• 3 Ways YOs Can Matter in Federal Affairs

    “Be brief and amazing,” someone once said. “But if you can’t be both, be brief.”

    In the interest of brevity, here are my three concise takeaways from the Academy’s Jan. 22 Secretariat of Federal Affairs meeting. The panel met to consider changes in federal regulations and health care policies that affect ophthalmologists.

    1. Stand up for our patients and profession. Participate in the Academy’s Mid-Year Forum, including Congressional Advocacy Day, April 6-9, in Washington, D.C. By advocating for our patients and profession and by speaking to representatives in Congress, you can make a tremendous impact. Through the Advocacy Ambassador Program, the Mid-Year Forum also provides residents and fellows the unique opportunity to connect with leaders in ophthalmology and peers from across the country. When I was resident in ophthalmology I attended as an Advocacy Ambassador, and it changed the trajectory of my career. It will change yours, too. 

    2. Get in the game. Whether it be physician reimbursement, the Department of Veterans Affairs’ Federal Supremacy Project, prior authorization or step therapy, YOs must stay informed and understand the issues facing ophthalmology and our patients. 

      1. Physician reimbursement is a high priority for the Academy and its Federal Affairs team. We must ensure that we as ophthalmologists are being reimbursed fairly for the work we do. The Medicare payment trend over the last 20 years is concerning, to say the least, and is at the top of our agenda at Mid-Year Forum 2022.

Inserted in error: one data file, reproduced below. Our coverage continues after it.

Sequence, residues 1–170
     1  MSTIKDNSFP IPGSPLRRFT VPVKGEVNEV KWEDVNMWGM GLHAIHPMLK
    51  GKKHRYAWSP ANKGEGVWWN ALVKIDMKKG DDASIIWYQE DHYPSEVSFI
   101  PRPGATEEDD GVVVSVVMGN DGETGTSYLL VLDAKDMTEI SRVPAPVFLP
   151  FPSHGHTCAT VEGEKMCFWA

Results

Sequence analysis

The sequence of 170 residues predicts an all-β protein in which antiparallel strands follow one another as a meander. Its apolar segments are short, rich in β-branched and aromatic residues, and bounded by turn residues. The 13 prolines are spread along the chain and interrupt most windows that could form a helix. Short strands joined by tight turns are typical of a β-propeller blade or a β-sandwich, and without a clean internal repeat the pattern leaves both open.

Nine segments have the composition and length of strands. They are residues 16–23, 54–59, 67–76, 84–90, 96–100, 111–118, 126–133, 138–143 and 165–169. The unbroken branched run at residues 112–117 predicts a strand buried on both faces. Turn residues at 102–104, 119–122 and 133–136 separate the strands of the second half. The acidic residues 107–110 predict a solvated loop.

2. We must ensure that the VA’s Federal Supremacy Project does not result in scope of practice expansions for optometrists and nonphysician providers. Standing up for our Veterans, who proudly served our country, and ensuring that ophthalmic procedures, such as laser eye surgery, are only performed by ophthalmologists, is of paramount importance. 
      3. Prior authorization not only delays timely treatment of patients but is also an unnecessary administrative burden for practices. We must press Congress to enact prior authorization legislation (HR 3173/S 3018). 
      4. Step therapy, widely known as “fail first” therapy, can negatively impact treatment options for patients. We must support legislative efforts that put patient safeguards in place to optimize step therapy policies (HR 2163). 

    3. Speak up with a unified voice. The most effective and efficient way for ophthalmologists to speak with a unified voice is to support the Academy’s political action committee, OPHTHPAC®. Regardless of the size of your contribution, it will matter and have an impact. OPHTHPAC supports champions in Congress who understand the issues facing ophthalmology and patients. Legislators like Dr. Mariannette Miller-Meeks, U.S. Congresswoman and ophthalmologist, are our voices in Congress but we must do our part by supporting advocates like her. If there are specific members of Congress who you would like to support, OPHTHPAC Direct allows you to do so. In addition, support the Surgical Scope Fund, so we can protect the sight of our patients across the country.
    About the author: Darby D. Miller, MD, MPH, is a cornea, cataract and anterior segment surgeon at the Mayo Clinic in Jacksonville, Florida. Dr. Miller is chair of the Academy’s YO Advocacy Subcommittee, a member of the Academy’s Surgical Scope Fund committee, past president of the Florida Society of Ophthalmology, and a graduate of the Academy’s Leadership Development Program.